Luke 12:32-40

The oma’o is a fairly small bird, living on the lower slopes of the volcanoes from Hamakua to Ka’u. When you’re an oma’o chick, you’re even smaller. He hatched and grew up in a hole in a koa tree, and about the only thing he could even imagine as he looked out from the hole was:

It’s a great big world, and I’m a very small bird.

He was, of course, a very small bird, but he grew to become, well, a larger but still very small bird. The world outside was still a lot bigger than he was. He watched his parents fly back and forth to and from the nest, and wondered how they did it. Their wings seemed awfully small to carry even their small bodies. Their feet seemed awfully fragile to grip a twig. How was someone like him to have any place in a huge world like this?

Young oma’o do some experiments that lead to flying. They move their wings around and start to preen them, to settle their feathers with their beaks. They start to hop and stretch their legs in the nest – but they don’t leave the nest. In fact, after they leave the nest, they don’t come back to it. They’ll stay where their parents can find them – they still feed them for a  while – but they don’t go back to the nest.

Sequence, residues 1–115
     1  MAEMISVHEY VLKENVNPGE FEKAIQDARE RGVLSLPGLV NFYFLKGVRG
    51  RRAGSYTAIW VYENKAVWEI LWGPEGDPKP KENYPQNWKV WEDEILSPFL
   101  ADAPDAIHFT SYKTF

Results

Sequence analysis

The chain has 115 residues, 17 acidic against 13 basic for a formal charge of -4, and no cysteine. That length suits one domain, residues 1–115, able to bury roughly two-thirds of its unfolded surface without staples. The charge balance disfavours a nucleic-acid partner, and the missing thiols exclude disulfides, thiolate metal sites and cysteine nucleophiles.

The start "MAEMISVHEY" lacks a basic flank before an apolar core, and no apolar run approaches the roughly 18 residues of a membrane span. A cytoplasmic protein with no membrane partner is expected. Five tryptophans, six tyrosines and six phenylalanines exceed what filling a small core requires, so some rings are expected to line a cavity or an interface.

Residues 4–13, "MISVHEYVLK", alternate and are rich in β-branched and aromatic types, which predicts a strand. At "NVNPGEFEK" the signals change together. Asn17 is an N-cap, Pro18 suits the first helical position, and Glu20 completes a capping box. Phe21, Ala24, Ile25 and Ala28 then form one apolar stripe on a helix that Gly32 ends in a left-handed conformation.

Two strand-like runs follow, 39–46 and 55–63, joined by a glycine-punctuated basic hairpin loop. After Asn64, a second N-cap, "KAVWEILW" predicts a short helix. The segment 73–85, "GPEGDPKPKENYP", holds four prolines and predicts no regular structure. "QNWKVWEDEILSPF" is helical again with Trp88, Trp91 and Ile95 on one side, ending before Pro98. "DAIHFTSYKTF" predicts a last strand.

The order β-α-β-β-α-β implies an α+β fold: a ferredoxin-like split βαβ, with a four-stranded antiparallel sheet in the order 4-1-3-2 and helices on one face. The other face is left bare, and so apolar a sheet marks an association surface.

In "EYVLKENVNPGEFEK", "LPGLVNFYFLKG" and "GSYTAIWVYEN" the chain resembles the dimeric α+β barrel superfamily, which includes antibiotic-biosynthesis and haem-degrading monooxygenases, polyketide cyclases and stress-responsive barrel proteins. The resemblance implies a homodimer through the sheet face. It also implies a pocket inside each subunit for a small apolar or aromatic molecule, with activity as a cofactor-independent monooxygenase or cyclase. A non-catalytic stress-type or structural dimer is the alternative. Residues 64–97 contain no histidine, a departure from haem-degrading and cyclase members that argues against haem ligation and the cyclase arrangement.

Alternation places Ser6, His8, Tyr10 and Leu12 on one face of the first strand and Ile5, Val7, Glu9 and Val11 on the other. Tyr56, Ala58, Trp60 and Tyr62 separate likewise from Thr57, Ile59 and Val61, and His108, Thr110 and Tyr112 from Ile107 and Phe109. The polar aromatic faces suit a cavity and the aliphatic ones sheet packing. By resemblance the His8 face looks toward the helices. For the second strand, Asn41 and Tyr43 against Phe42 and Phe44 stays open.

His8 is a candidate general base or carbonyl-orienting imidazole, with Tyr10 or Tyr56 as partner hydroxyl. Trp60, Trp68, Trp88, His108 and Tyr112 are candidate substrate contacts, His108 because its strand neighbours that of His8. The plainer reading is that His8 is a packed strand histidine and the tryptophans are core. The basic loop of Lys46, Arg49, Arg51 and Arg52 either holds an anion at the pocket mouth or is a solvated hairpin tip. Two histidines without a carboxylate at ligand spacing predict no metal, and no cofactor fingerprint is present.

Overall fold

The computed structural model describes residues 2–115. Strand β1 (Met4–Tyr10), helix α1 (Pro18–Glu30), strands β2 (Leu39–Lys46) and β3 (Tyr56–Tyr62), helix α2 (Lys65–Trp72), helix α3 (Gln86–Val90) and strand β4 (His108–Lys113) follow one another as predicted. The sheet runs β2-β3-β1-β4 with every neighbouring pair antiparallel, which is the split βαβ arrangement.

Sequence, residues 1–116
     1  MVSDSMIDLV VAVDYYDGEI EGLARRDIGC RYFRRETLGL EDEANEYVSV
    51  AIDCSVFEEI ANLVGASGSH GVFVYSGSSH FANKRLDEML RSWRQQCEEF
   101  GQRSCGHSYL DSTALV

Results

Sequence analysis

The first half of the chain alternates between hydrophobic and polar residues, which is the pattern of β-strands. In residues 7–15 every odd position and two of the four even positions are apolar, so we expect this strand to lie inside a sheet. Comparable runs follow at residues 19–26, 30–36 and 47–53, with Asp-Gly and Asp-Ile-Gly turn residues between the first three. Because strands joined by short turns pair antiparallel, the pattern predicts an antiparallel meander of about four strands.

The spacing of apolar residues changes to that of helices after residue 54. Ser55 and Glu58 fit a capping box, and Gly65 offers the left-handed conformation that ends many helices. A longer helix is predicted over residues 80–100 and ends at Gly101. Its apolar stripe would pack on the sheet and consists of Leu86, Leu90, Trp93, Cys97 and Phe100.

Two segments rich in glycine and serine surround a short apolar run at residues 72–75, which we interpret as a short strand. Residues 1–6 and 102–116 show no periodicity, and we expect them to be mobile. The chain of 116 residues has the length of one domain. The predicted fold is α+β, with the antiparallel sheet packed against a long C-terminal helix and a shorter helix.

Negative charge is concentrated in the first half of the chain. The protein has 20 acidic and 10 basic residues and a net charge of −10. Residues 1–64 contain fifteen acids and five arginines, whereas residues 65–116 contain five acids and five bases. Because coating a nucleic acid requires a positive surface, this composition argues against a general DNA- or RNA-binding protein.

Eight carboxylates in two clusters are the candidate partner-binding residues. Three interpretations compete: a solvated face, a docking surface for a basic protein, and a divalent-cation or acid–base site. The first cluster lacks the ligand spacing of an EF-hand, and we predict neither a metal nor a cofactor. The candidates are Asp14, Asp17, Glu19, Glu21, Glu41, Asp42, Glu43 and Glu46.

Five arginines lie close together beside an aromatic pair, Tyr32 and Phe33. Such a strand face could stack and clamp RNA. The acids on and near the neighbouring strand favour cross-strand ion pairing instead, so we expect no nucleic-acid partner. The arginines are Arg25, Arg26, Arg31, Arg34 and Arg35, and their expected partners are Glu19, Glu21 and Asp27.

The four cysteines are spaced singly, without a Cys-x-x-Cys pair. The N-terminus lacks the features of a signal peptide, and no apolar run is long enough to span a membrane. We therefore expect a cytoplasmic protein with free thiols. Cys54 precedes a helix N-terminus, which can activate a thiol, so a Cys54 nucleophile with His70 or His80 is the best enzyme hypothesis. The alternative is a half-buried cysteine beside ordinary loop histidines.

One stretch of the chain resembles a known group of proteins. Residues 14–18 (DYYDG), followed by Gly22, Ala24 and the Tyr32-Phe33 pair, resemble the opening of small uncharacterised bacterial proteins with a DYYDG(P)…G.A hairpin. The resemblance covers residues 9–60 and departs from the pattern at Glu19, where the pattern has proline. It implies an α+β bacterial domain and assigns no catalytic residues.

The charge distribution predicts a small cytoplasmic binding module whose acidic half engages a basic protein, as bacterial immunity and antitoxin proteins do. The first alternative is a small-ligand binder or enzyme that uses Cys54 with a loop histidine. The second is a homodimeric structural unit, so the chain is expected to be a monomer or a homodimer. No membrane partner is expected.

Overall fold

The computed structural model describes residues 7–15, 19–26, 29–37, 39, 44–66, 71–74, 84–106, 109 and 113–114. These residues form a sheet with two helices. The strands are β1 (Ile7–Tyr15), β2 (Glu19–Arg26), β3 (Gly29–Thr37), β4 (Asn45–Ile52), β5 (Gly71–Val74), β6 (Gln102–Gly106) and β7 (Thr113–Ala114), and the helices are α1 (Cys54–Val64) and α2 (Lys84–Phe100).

This young oma’o, however, wasn’t sure he wanted to leave the nest. Big world. Small bird. Small wings, big air. It was a night that the winds blew hard that he came to a decision.

“No,” he told his father. “I’m staying here.”

“Very smart, son,” said his father. “It’s a nasty night. The nest is a good place for now, and it’s not a great time to take your first flight.”

“No,” said the youngster. “I mean I’m just staying here. I’m not going to leave.”